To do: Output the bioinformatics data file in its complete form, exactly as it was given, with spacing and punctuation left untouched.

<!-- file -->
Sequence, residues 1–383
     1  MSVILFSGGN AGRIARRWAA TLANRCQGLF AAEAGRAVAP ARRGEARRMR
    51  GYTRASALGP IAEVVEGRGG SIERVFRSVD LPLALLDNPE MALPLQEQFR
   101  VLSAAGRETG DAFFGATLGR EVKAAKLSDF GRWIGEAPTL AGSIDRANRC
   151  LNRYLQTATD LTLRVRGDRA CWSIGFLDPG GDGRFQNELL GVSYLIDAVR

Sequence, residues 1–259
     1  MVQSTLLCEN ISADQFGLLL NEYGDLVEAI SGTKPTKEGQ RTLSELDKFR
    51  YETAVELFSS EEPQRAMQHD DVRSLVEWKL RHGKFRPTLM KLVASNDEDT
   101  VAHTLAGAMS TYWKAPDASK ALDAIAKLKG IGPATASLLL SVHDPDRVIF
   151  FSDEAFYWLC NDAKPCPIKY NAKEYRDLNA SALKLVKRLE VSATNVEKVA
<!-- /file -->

Sequence, residues 1–383
     1  MSVILFSGGN AGRIARRWAA TLANRCQGLF AAEAGRAVAP ARRGEARRMR
    51  GYTRASALGP IAEVVEGRGG SIERVFRSVD LPLALLDNPE MALPLQEQFR
   101  VLSAAGRETG DAFFGATLGR EVKAAKLSDF GRWIGEAPTL AGSIDRANRC
   151  LNRYLQTATD LTLRVRGDRA CWSIGFLDPG GDGRFQNELL GVSYLIDAVR

Sequence, residues 1–259
     1  MVQSTLLCEN ISADQFGLLL NEYGDLVEAI SGTKPTKEGQ RTLSELDKFR
    51  YETAVELFSS EEPQRAMQHD DVRSLVEWKL RHGKFRPTLM KLVASNDEDT
   101  VAHTLAGAMS TYWKAPDASK ALDAIAKLKG IGPATASLLL SVHDPDRVIF
   151  FSDEAFYWLC NDAKPCPIKY NAKEYRDLNA SALKLVKRLE VSATNVEKVA